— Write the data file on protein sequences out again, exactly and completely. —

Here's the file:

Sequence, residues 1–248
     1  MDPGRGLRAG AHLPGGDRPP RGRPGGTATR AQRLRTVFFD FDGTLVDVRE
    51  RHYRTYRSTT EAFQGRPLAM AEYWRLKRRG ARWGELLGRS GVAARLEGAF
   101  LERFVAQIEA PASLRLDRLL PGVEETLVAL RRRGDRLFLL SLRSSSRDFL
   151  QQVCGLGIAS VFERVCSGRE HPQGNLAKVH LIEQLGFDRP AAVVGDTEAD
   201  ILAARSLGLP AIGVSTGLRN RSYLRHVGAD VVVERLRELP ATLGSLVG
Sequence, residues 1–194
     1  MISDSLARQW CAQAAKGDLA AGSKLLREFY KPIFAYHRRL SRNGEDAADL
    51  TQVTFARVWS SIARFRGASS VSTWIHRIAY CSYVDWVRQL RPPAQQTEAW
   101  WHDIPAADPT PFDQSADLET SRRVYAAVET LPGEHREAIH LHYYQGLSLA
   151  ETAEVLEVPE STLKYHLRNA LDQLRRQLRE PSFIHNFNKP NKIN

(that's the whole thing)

Sequence, residues 1–248
     1  MDPGRGLRAG AHLPGGDRPP RGRPGGTATR AQRLRTVFFD FDGTLVDVRE
    51  RHYRTYRSTT EAFQGRPLAM AEYWRLKRRG ARWGELLGRS GVAARLEGAF
   101  LERFVAQIEA PASLRLDRLL PGVEETLVAL RRRGDRLFLL SLRSSSRDFL
   151  QQVCGLGIAS VFERVCSGRE HPQGNLAKVH LIEQLGFDRP AAVVGDTEAD
   201  ILAARSLGLP AIGVSTGLRN RSYLRHVGAD VVVERLRELP ATLGSLVG
Sequence, residues 1–194
     1  MISDSLARQW CAQAAKGDLA AGSKLLREFY KPIFAYHRRL SRNGEDAADL
    51  TQVTFARVWS SIARFRGASS VSTWIHRIAY CSYVDWVRQL RPPAQQTEAW
   101  WHDIPAADPT PFDQSADLET SRRVYAAVET LPGEHREAIH LHYYQGLSLA
   151  ETAEVLEVPE STLKYHLRNA LDQLRRQLRE PSFIHNFNKP NKIN